Running Servers Locally

Accessing certain servers on the Internet at large is common, but running equivalents on your local network, or even on a workstation, can improve performance in some cases. Examples of servers you might want to run locally include:

Web Proxy Servers A proxy server is a stand-in for another server; it accepts requests for data transfers, processes them partially, and passes them on to other systems. Proxy servers exist for many reasons, including security, filtering unwanted content, and improving speed. Speed improvements in web proxy servers derive from two factors. First, proxy servers can cache access requests, speeding up second and subsequent requests for a document. The Squid proxy server (http://www.squid-cache.org) exists largely for this reason. Second, a proxy that filters content can remove large images that can take a long time to download. Proxies designed to remove ads, such as Privoxy (http://www.privoxy.org), have this effect.

DNS Servers Running your own DNS server can speed up DNS accesses for much the same reason that running a caching web proxy server can speed accesses. Chapter 27 covers DNS server configuration.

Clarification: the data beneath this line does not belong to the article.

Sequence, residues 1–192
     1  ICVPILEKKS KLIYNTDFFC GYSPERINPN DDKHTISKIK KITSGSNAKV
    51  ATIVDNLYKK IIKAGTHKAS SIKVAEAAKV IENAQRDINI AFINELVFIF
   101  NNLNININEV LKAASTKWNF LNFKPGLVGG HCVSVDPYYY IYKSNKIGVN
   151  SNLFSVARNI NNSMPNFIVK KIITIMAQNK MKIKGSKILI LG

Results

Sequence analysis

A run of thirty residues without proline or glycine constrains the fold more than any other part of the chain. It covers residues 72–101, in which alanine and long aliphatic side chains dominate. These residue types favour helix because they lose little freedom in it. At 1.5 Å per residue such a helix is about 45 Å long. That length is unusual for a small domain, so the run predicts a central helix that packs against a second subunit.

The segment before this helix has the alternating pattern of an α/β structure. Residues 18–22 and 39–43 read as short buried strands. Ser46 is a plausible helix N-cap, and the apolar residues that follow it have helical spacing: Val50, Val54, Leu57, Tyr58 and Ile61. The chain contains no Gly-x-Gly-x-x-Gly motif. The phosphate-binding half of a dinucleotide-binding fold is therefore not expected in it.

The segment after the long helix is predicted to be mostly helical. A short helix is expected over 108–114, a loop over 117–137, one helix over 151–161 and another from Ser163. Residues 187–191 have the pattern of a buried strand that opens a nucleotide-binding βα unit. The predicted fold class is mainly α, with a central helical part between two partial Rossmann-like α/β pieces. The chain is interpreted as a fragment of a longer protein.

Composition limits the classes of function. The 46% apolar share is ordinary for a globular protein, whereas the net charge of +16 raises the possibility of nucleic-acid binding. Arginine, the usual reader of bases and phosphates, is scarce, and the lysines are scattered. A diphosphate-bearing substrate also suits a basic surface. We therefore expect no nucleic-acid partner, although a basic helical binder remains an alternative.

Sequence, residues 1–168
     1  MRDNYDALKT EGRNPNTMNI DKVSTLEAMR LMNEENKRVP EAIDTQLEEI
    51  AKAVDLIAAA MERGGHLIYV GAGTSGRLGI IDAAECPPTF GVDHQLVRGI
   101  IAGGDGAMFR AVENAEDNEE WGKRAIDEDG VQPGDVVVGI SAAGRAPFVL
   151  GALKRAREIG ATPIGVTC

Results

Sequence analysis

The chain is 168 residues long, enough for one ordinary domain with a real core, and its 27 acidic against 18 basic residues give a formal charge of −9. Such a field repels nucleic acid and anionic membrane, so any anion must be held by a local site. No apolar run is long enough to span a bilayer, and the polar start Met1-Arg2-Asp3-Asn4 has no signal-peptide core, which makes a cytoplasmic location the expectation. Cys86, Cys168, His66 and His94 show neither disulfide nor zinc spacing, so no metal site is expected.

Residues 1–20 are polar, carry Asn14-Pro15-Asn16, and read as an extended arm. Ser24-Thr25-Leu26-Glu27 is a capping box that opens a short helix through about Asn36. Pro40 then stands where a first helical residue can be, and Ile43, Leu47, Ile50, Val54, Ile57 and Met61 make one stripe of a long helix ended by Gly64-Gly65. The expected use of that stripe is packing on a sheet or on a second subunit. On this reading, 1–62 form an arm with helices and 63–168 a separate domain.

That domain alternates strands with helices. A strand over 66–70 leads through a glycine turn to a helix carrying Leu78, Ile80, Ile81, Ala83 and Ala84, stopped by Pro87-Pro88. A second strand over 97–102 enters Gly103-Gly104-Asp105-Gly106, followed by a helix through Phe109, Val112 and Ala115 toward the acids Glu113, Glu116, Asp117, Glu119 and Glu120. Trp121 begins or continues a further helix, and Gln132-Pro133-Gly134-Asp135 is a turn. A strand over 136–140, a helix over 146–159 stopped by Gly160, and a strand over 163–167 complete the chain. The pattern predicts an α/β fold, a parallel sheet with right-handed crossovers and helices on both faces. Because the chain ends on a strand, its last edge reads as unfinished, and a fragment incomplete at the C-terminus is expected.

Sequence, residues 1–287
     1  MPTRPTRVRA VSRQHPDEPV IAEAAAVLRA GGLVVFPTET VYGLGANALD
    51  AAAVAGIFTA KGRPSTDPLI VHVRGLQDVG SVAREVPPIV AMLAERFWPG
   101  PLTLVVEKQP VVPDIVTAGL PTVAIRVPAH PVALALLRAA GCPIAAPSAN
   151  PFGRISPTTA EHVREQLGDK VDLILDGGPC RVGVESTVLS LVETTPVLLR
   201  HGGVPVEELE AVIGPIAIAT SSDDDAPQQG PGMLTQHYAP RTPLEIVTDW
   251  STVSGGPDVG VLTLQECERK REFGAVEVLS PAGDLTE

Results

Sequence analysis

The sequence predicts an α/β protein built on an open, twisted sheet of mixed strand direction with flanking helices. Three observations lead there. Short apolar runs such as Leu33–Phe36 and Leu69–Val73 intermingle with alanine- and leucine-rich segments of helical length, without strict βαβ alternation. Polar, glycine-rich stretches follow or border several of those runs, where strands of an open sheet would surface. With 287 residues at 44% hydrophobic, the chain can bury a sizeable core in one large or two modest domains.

Mail Servers If you receive lots of e-mail from an ISP's mail server, you may wait for it to download into your mail reader. You can use a local mail server in conjunction with Fetchmail (http://catb.org/~esr/fetchmail/) to speed up local mail accesses. Fetchmail can periodically retrieve mail and store it locally, so that you don't need to wait so long when you load up your mail reader. The downside is that you won't see any mail that's arrived at your ISP between Fetchmail's last run and the time you launch your mail reader. Chapter 25, "Delivering E-Mail," covers both mail server and Fetchmail configuration.

News Servers If you read Usenet news, you can run a local news server that does for news what the combination of Fetchmail and a local mail server does for e-mail. An example of such a program is Leafnode (http://www.leafnode.org). News servers designed for this purpose are much smaller than full-blown news servers. In some configurations, the local news server may download much more data than you'll ever read, but it will do so quickly, so the total time you're connected to the news server can be much shorter than it might otherwise be. This approach is most appealing if you're charged by the minute for your Internet connect time.

Warning As described in Chapter 18, "System Security," running servers unnecessarily is a security risk. You should balance the benefits gained from running servers locally against the potential damage they might do. In some cases, the risk is very low. For instance, a server run behind a Network

Address Translation (NAT) firewall is unlikely to be found and abused by an outside miscreant. If the system on which you run a server is directly exposed to the Internet, though, the risk of running such a server is much greater.

Team LiB

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